Infographie Katmandou
Maam, what is your caste?Monika, 11
We must tell our neighbors not to destroy the forest.Aashutosh, 11
- Can you play in your country?
- Yes, I can play talking!Aashutosh, 11, dans sa lettre pour le Sri Lanka


Our stay in Nepal coincides with Dashain and Thiar, the two most important national holidays in the country. So it's school holidays! Fortunately, Gagan, our contact in Kathmandu had warned us and easily found two schools interested enough in our project to open their doors for 2 days.

It is therefore in Kathmandu, the capital of Nepal, that we discover our first government school in Nepal. In the school yard, the national flag floats (the only flag that is not rectangular), Saraswati the goddess of knowledge watches over the students and next to quotations in Nepali or English, we recognize the portraits of Gandhi, Shakespeare or Rousseau.

The director of Shree Geetamata Secondary School welcomes us with open arms and a good Massala Tea. He managed all the logistical details so that we could realize the Libellule days during the holidays. English teachers act as interpreters. As the canteen is closed, a delivery of Momo (steamed dumplings) is planned for the lunch break.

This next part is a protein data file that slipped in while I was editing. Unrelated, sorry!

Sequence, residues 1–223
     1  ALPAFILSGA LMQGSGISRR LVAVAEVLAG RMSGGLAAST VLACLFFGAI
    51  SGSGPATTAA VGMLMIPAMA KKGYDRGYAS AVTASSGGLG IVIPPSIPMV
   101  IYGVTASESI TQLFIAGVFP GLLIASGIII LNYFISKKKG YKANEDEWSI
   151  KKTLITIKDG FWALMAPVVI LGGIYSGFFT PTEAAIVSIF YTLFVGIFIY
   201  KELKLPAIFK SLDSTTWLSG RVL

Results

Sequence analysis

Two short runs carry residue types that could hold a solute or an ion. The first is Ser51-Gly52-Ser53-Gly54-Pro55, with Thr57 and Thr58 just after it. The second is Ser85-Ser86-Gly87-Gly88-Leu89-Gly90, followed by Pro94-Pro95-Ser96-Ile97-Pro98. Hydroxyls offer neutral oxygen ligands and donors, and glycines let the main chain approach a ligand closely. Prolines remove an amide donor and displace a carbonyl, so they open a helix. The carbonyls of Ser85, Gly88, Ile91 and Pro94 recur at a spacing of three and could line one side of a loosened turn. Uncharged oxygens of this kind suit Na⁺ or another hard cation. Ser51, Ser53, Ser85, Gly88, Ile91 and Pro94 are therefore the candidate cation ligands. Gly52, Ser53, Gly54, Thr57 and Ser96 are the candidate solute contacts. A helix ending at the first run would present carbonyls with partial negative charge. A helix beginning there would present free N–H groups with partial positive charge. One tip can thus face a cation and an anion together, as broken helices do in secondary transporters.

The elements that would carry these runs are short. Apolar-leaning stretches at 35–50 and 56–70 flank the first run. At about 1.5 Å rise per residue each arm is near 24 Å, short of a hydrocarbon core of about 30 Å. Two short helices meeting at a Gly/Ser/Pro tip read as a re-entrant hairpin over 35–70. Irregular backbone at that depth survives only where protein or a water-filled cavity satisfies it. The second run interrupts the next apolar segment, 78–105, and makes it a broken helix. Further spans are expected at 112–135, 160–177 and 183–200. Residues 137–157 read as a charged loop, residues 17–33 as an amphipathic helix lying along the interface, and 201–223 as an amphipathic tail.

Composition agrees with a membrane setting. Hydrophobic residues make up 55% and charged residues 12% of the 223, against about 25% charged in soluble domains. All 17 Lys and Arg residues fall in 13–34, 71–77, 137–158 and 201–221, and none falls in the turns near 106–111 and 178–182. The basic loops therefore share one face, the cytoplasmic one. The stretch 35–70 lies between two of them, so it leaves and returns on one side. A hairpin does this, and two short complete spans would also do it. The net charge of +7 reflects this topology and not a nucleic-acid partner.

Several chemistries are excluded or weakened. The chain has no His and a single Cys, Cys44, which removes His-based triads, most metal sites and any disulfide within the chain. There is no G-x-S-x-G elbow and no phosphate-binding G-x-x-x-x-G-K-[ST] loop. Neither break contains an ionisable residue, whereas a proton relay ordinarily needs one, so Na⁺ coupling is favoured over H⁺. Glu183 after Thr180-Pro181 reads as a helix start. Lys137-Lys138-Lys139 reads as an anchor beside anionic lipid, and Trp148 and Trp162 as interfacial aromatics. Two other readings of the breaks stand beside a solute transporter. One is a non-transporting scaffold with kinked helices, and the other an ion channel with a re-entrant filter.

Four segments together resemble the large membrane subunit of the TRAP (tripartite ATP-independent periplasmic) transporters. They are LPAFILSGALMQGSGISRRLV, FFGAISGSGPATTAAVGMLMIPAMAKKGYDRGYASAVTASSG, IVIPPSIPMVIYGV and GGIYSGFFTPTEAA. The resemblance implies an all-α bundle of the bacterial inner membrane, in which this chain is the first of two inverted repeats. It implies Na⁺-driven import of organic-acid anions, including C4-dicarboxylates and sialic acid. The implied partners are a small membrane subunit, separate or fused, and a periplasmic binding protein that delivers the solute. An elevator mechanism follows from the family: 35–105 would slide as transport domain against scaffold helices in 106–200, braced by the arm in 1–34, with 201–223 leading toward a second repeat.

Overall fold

We are settling into the meeting room on the 4th floor of the reconstructed building following the earthquake of 2015. From here we have an impressive view of Kathmandu, the mountains on the horizon and Swayambunath - more known to foreigners as Monkey Temple - towering above a hill.

The 22 students arrive little by little. They are all in grade 6 class and are between 11 and 14 years old. We quickly understand that they understand English quite well and have a lot of vocabulary. However, the help of teachers is essential, especially to have a return of children who do not seem very comfortable speaking. The second day, despite a few absentees and the growing excitement, we continue the workshops for a short but intense day.

The notion of pollution seems abstract for these children who live in a city where we find the air unbreathable and the river filled with waste. In their letters to children in Sri Lanka, they talk about their own environment. The concept of biodegradability, for its part, is quite new. Some think that plastic bags can be eaten by small animals and disappear quickly.

Adult speeches about environmental protection are directly related to the image of the country and the appeal of tourists. Thus, children have integrated the idea that taking care of their environment is to protect the national treasures listed as UNESCO World Heritage.

Some social and cultural codes escape us, especially when a child stays at the door and asks permission to enter or when a student asks us what our caste is. This time again, we are coming out of these Libellule days with new questions, observations to put in contact with other meetings and the feeling of having a different perspective on the environment.

Namaste !